Google on Monday defended its local search results in the face of a Wall Street Journal report of complaints that the firm favors its online content over that of rivals.
"We built Google for users, not websites," Google director of product management Carter Maslan said in a blog post.
"If we fail our users, competition is just a click away."
He said that Google welcomes viewpoints from website operators, but that the company's priority is to swiftly get users to the information they seek.
"When someone searches for a place on Google, we still provide the usual web results linking to great sites," Maslan continued.
"We simply organize those results around places to make it much faster to find what you're looking for."
Earlier this year, Google added a "Place Search" feature that organizes results around specified locations to help users find photos, reviews and facts.
"We've heard from users and businesses that Place pages are a great way to find local information and reach customers," Maslan said.
"We've also heard from webmasters that Place pages help them reach a broader audience when users click through to learn more."
Google has specialized search services that compete with websites devoted to topics such as travel, health, or local merchants.
The Journal cited executives from TripAdvisor.com, WebMD.com and other websites as accusing Google of giving its properties priority placement in searches.
Europe launched a full-frontal attack on Google in November; formally opening an antitrust probe after rivals there accused the Silicon Valley giant of rigging the online search market.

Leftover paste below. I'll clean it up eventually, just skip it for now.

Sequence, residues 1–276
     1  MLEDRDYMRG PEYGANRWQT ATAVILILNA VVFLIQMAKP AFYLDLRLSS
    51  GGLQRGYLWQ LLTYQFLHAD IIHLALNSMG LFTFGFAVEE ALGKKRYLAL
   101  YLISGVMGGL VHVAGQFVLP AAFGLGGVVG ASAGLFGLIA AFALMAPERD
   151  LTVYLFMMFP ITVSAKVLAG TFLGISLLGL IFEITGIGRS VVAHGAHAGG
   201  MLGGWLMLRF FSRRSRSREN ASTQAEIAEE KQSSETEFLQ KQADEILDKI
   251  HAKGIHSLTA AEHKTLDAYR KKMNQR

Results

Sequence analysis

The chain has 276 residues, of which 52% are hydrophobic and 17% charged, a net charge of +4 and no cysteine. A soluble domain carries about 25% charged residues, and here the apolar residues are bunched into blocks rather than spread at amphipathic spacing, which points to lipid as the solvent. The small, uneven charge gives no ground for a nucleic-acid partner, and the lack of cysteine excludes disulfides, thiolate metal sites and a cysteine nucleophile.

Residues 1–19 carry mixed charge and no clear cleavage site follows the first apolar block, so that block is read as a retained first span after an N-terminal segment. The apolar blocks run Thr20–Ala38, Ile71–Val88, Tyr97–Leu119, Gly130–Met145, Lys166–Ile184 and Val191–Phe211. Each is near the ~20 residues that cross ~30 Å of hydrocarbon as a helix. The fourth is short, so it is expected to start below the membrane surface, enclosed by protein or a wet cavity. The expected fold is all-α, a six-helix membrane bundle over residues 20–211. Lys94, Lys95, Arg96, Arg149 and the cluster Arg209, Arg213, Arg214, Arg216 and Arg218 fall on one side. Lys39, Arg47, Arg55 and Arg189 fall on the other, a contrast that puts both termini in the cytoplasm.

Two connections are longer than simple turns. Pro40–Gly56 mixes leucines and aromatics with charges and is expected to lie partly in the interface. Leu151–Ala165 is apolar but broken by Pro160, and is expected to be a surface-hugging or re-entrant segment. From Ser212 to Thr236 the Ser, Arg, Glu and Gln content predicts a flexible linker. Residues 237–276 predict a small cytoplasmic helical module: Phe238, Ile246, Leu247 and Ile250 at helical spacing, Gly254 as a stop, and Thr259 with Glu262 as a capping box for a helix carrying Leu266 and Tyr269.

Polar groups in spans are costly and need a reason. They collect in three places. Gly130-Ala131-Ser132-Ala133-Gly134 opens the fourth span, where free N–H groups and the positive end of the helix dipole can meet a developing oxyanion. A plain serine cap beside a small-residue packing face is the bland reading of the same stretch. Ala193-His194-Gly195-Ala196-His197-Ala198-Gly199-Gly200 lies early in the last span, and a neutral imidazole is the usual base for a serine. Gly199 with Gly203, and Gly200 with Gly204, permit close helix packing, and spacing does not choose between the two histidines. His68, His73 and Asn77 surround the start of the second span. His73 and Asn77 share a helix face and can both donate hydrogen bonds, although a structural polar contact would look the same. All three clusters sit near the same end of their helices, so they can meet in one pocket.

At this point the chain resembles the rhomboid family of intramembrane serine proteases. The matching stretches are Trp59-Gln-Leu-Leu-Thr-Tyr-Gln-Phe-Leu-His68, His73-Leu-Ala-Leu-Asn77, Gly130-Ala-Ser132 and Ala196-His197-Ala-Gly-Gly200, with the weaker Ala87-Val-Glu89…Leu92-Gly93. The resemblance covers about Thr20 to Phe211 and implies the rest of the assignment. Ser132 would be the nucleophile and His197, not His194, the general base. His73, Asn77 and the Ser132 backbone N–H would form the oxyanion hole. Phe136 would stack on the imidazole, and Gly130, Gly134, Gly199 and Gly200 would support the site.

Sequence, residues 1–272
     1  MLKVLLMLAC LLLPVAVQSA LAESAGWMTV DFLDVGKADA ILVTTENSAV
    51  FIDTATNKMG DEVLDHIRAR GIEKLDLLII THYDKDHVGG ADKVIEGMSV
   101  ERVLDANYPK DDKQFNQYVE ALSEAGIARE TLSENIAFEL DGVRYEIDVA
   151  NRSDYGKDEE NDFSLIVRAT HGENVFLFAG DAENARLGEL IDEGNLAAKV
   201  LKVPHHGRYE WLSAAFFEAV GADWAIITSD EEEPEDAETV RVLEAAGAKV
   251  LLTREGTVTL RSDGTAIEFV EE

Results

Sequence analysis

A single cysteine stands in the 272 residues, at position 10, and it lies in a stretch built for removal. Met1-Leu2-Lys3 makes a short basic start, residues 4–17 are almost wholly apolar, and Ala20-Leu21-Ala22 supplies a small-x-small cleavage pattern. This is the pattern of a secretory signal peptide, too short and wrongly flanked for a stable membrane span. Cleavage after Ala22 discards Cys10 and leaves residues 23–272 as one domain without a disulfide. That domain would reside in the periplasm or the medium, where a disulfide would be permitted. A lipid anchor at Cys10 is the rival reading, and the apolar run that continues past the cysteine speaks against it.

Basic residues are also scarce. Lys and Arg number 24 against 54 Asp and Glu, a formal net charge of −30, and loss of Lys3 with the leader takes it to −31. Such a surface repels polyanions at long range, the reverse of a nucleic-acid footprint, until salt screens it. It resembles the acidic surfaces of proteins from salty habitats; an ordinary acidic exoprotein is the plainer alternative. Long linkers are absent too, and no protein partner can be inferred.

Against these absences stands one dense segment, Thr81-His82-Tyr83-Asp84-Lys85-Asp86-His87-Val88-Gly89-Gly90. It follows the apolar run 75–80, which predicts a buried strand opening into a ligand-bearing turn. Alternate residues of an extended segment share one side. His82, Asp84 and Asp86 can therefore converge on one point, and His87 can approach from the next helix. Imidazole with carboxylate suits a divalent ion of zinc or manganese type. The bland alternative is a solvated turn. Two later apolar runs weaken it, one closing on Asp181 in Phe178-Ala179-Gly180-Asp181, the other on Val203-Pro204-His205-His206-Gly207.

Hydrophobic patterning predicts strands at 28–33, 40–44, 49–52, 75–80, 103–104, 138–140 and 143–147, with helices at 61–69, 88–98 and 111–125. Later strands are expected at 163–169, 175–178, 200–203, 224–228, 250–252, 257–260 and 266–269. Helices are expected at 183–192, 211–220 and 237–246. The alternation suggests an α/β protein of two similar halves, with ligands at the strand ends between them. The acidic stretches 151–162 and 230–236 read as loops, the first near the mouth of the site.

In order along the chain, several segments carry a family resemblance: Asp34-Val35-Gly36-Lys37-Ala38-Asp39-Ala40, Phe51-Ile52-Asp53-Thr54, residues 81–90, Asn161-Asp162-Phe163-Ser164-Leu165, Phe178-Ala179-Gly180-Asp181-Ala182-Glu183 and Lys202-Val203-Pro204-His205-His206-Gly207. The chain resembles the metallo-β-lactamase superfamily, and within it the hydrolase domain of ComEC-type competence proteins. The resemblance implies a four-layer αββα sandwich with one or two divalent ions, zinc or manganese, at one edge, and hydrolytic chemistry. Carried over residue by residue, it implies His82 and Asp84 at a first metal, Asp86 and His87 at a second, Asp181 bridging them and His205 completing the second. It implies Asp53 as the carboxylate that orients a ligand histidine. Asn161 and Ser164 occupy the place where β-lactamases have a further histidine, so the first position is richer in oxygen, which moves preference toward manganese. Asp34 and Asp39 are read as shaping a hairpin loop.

European Union competition watchdogs announced an investigation after smaller companies accused Google of "unfavorable treatment" of their services in both unpaid and sponsored search results, the crucial listings that make the web navigable.
Competition authorities are also probing whether Google's own services -- including YouTube video, book-scanning project or telephony -- are getting "preferential placement" when users punch in search queries, some of which may lead to consumer spending.
The commission wants to check if Google was "lowering the ranking of unpaid search results" and examine other allegations of advertising interference including the imposition of exclusivity clauses, restricting ads from competing providers and data on consumer impact.
The company has stood behind its formula for serving search results and said it would cooperate with the probe.
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